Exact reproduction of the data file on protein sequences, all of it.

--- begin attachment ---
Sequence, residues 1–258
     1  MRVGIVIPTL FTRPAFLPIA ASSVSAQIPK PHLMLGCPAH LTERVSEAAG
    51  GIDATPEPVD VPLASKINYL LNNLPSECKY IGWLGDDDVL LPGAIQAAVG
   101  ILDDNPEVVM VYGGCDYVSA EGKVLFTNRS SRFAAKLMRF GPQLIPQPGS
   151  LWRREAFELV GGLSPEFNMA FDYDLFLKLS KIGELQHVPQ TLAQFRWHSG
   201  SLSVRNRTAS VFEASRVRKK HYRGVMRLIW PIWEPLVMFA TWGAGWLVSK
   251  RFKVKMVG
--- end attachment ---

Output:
Sequence, residues 1–258
     1  MRVGIVIPTL FTRPAFLPIA ASSVSAQIPK PHLMLGCPAH LTERVSEAAG
    51  GIDATPEPVD VPLASKINYL LNNLPSECKY IGWLGDDDVL LPGAIQAAVG
   101  ILDDNPEVVM VYGGCDYVSA EGKVLFTNRS SRFAAKLMRF GPQLIPQPGS
   151  LWRREAFELV GGLSPEFNMA FDYDLFLKLS KIGELQHVPQ TLAQFRWHSG
   201  SLSVRNRTAS VFEASRVRKK HYRGVMRLIW PIWEPLVMFA TWGAGWLVSK
   251  RFKVKMVG